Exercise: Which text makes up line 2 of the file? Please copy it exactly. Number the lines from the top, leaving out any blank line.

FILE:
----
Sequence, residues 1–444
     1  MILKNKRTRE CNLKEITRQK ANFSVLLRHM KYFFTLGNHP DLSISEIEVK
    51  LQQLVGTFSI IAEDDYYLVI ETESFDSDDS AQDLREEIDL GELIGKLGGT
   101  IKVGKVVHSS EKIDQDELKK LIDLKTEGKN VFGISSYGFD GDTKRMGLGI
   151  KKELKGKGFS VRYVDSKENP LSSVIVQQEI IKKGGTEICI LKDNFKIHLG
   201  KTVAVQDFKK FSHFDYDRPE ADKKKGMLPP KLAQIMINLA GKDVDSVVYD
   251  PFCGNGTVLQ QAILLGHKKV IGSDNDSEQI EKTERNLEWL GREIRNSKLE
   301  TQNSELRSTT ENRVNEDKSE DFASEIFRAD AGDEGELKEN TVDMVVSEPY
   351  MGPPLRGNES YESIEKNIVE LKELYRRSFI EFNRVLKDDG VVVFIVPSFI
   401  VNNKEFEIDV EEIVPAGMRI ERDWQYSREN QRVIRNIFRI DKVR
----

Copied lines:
     1  MILKNKRTRE CNLKEITRQK ANFSVLLRHM KYFFTLGNHP DLSISEIEVK